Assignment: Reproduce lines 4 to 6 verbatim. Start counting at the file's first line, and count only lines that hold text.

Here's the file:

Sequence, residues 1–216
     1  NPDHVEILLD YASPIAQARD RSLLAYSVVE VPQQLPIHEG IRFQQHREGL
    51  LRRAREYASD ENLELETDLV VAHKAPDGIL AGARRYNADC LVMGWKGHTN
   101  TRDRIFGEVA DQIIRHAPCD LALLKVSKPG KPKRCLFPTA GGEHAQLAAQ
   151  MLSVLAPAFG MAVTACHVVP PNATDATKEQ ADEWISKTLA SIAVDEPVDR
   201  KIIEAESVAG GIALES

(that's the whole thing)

   101  TRDRIFGEVA DQIIRHAPCD LALLKVSKPG KPKRCLFPTA GGEHAQLAAQ
   151  MLSVLAPAFG MAVTACHVVP PNATDATKEQ ADEWISKTLA SIAVDEPVDR
   201  KIIEAESVAG GIALES